The Jakarta Post
Following a restoration project 'Tiga Dara', a classical musical drama, has been shown again in local cinemas. (SA Films/-)
Films offer a lot more than simply entertainment. For Babi Buta Films production house director Edwin, they also serve as a medium to promote national culture.
“Proof that we are civilized and educated can be seen from those film strips,” said Edwin during a press conference on “Restoration and Censorship” held by 2016 Indonesian Film Festival (FFI) organizers in Jakarta on Wednesday. Alongside Edwin, the event was also attended by restoration practitioner Lisabona Rahman, actress and director Jajang C. Noer and actor Ario Bayu.
Lisabona, whose interest in film preservation and restoration began when she saw the lack of access to classical Indonesian films in her younger days, shared why it is important to preserve and restore old movies. “[It is important to do so] if we are serious in wanting to show these films to our grandchildren,” she said. “We have done little in preserving films; perhaps due to lack of existing institutions, aside from national or regional archives that are dedicated to archiving films. We also lack the resources and technology to undertake preservation.”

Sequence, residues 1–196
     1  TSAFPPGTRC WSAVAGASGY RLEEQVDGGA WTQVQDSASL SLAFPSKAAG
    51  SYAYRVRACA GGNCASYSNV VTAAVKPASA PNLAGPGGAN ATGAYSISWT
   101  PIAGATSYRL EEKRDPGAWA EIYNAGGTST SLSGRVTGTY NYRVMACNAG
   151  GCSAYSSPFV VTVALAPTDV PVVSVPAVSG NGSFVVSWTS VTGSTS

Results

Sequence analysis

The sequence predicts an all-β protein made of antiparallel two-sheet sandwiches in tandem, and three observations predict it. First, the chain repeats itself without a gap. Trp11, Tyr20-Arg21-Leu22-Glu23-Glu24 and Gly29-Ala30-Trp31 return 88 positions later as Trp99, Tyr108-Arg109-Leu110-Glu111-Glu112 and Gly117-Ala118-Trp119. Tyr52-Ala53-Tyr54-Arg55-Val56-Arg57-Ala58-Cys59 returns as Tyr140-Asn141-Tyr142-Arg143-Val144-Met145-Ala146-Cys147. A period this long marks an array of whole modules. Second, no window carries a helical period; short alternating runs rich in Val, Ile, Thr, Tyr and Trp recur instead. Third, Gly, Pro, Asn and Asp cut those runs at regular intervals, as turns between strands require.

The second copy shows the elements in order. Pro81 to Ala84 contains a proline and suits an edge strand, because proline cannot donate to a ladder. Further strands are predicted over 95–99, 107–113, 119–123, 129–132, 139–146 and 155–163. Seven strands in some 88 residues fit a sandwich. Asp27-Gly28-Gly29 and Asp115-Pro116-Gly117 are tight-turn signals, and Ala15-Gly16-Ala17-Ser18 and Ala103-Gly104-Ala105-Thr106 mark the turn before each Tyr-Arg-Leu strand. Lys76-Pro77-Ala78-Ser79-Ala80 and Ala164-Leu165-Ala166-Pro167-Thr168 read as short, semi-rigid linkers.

She said that old films stored in archive institution Sinematek Indonesia, which were estimated to be around 40 years old ago, were now in a state that needed greater care “using sufficient technology and by professional hands”. “It [the films] can’t be stored in warehouses with an on-and-off air conditioner, suffering from leakages and many other issues,” Lisabona said.
She explained that in addition to films with commercial potential such as Tiga Dara (Three Girls), there were also classical films like Lewat Djam Malam (After the Curfew) and Darah dan Doa (Blood and Pray) that were made “to convey artistic expression of its creator” and were “important in building knowledge, the arts and identity as Indonesians”. Such films also need to be restored, or translated into a new format that fits with existing viewers’ quality standards.
Lisabona added that there were strong interests to restore films from the original film owners. “Because, as the time goes by, it gets clearer that films are an asset that can be monetized,” she said, noting recent success of Warkop DKI Reborn as an example.
The festival is slated for November in Taman Ismail Marzuki, Central Jakarta. (kes)